Director Brett Ratner, who brought us such classics as Rush Hour 3 and X Men: Last Stand, turns his hand to the heist movie with Tower Heist, which I've recently heard described as a poor man's Oceans Eleven. This is rather an unfair assessment, and I'm happy to say that I was pleasantly surprised by what is an unassuming and highly improbable, but also very entertaining comedy crime caper.
The film follows Josh (Ben Stiller) and a small group of employees at a high-rise luxury apartment building who are fired from their jobs after losing their pensions in a scam run by their boss, businessman Arthur Shaw (a wonderfully sleazy Alan Alda), who is under house-arrest by the FBI for fraud. They hatch a plot to recoup the lost cash with a smash and grab raid on Shaw's penthouse suite, guarded by FBI agents, where they believe he may have concealed up to $20 million in cash. To this end, Josh recruits the help of petty criminal Slide (Eddie Murphy), his neighbour and once friend from daycare.
In fact, thankfully Tower Heist is nothing at all like Ocean's Eleven. These men are average Joes; out of a job, down on their luck, and attempting to reclaim what is rightfully theirs, and in this they have the full sympathy of the viewing audience. They are totally out of their depth when it comes to planning a robbery and the very opposite of smart and slick. Much of the comedy is of the `fish out of water' variety, centering on the clear ineptitude of the gang as would-be criminals, as they attempt to transform themselves from professional servitude to professional thievery. This premise yields a number of very funny moments, which I will not spoil by describing here.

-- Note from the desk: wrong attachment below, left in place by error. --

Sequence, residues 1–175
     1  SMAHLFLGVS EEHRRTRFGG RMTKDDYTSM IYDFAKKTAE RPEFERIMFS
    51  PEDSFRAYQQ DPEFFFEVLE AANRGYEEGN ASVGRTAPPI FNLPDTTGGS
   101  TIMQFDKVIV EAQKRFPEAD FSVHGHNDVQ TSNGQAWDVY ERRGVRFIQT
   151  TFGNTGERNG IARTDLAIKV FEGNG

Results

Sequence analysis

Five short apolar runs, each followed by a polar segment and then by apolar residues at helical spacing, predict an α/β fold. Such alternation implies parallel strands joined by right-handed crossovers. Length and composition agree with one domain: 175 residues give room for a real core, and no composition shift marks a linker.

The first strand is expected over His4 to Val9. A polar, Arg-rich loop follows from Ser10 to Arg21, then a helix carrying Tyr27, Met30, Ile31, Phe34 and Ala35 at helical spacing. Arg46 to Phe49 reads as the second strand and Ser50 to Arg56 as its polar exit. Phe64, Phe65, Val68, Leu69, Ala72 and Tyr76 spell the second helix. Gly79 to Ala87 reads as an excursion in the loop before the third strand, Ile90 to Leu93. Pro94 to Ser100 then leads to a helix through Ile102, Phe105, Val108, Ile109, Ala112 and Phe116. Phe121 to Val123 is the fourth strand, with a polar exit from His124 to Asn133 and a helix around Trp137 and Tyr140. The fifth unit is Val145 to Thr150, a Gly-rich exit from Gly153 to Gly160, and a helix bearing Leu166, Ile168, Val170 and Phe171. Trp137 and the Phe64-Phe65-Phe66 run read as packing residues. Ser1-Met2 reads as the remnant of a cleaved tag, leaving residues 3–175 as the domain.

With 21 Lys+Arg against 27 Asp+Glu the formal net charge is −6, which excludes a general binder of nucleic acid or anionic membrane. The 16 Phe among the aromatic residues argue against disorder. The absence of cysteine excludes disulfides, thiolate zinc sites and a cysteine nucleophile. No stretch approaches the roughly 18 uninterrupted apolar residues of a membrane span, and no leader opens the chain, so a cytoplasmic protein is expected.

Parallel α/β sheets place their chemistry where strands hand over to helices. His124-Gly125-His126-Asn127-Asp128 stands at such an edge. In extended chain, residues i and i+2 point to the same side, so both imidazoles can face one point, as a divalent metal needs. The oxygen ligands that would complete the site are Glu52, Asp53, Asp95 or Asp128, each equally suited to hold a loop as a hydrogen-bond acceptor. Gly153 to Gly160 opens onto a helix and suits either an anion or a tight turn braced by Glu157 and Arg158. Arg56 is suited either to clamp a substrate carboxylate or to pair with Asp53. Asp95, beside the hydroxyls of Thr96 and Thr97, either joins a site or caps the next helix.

The clever casting is spot on, particularly Matthew Broderick as a once high-flying businessman now unemployed and dejected, and the slightly vacant Dev'reaux (Michael Pena). The performance of Eddie Murphy too is cause for optimism, here at his best since his films of the 80s, back to playing a wise-cracking character of the Reggie Hammond (48Hrs)/Billy-Ray Valentine (Trading Places) mould, something he clearly does very well.
Actually, Tower Heist works far better as a comedy than as a heist movie, with the crime distinctly playing second fiddle to the laughs. If I had one major criticism, it would be that the actual heist begins a little too late, some elements of the logistics of which are glossed over or even omitted completely as proceedings become more and more far-fetched. That said, there are some original and exciting moments, one in particular involving dangling a classic Ferrari out of a top storey apartment window while a Thanksgiving Parade is underway on the streets below.
Despite its plot holes, Tower Heist makes for marvellous escapist entertainment, full of energy, wit and with a premise that makes us root for the good guys from the start. 7/10.